Senate Dems raise concerns about shutdown's impact on assistance to taxpayers

Senate Dems raise concerns about shutdown's impact on assistance to taxpayers
© Stefani Reynolds

A group of Senate Democrats on Thursday told Treasury Secretary Steven MnuchinSteven Terner MnuchinTreasury targets two Chinese shipping firms under North Korea sanctions China says US officials to visit for trade talks The Hill's Morning Report - Trump's intraparty feuds divide Republicans MORE that they were worried the partial government shutdown would make it hard for taxpayers to receive assistance from the IRS during the upcoming filing season.

The senators raised concerns, specifically, that the shutdown led to the closure of the Taxpayer Advocate Service's offices. The Taxpayer Advocate Service is an independent organization within the IRS that helps individuals and businesses with tax and filing issues.

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"The shutdown has closed every office of the Taxpayer Advocate Service across the country at a time when families and businesses are trying to determine the taxes that they owe and resolve disagreements with the IRS," the senators said in a letter to Mnuchin.

Senate Finance Committee ranking member Ron WydenRonald (Ron) Lee WydenOvernight Health Care: Senators seek CBO input on preventing surprise medical bills | Oversight panel seeks OxyContin documents | Pharmacy middlemen to testify on prices | Watchdog warns air ambulances can put patients at 'financial risk' Senate panel to hear from pharmacy middlemen on drug prices Congress should take action to stop unfair taxation of the digital economy MORE (D-Ore.), and Finance Committee member Debbie StabenowDeborah (Debbie) Ann StabenowChris Evans talks NATO, Marvel secrets on Capitol Hill Overnight Health Care: Senators grill drug execs over high prices | Progressive Dems unveil Medicare for all bill | House Dems to subpoena Trump officials over family separations Senators grill drug execs over high prices MORE (D-Mich.), took the lead on the letter.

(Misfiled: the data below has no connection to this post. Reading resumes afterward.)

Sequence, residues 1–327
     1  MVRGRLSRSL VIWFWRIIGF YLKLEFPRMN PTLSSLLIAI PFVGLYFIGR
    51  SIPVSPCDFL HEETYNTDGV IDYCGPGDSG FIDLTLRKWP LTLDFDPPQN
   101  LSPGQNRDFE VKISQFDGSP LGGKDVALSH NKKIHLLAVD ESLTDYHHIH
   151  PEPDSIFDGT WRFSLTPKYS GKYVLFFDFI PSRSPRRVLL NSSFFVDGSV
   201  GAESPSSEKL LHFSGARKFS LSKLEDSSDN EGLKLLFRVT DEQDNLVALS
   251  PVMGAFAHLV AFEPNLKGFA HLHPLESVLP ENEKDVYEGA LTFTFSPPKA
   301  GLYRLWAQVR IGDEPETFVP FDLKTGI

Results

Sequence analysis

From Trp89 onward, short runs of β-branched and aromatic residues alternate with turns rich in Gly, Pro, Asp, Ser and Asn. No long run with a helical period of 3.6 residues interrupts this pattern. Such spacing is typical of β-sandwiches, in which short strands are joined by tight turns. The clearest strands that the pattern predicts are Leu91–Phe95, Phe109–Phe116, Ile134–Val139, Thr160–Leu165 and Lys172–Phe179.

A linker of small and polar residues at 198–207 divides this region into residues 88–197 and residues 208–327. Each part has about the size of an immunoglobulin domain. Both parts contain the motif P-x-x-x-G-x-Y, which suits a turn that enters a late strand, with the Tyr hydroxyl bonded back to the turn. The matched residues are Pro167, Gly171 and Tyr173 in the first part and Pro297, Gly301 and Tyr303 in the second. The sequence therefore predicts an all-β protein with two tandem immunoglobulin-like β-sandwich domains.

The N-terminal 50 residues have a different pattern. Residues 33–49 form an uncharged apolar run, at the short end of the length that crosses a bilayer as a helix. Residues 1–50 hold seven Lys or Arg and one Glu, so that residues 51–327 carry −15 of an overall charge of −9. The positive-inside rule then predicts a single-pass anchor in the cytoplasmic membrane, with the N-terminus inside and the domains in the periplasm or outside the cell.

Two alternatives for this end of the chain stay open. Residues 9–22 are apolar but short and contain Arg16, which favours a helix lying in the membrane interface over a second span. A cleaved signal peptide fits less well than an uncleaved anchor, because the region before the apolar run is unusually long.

The IRS has received considerable attention from politicians during the shutdown. There were concerns that the agency wouldn't be able to issue refunds during the shutdown, but the Trump administration announced earlier this week that refunds would be paid if the shutdown persists into the filing season. 

The IRS said the filing season would begin on Jan. 28 and that some furloughed employees would be called back to work during that time. The agency is expected to release a filing-season shutdown contingency plan in the near future.

Democrats remain concerned that taxpayers will have challenges during the filing season even if refunds are issued.

"Taxpayers should receive their refunds in a timely manner, but taxpayers should also receive the necessary assistance to ensure that they are filing their taxes correctly and that they have advocates working on their behalf," the Senate Democrats wrote in their letter.

The senators asked Mnuchin if Taxpayer Advocate Service employees will be asked to come back to work in the shutdown plan for the forthcoming filing season. They also asked Mnuchin how Treasury plans to help taxpayers who face financial difficulties resulting from challenges filing their taxes or getting their refunds amid the shutdown. 

The House passed legislation Wednesday to fund the agency in a 240-188 vote, with eight Republicans bucking party lines to back the bill. But the White House has threatened to veto the bill because there’s no agreement “to address the border crisis.”

The government entered a partial shutdown on Dec. 22 amid an impasse between lawmakers and the White House over President TrumpDonald John TrumpClinton and Ocasio-Cortez joke about Kushner's alleged use of WhatsApp Missouri Gov. declares state of emergency amid severe flooding Swalwell on Hicks testimony: 'She's going to have to tell us who she lied for' in Trump admin MORE's demand for $5.7 billion in border wall funding.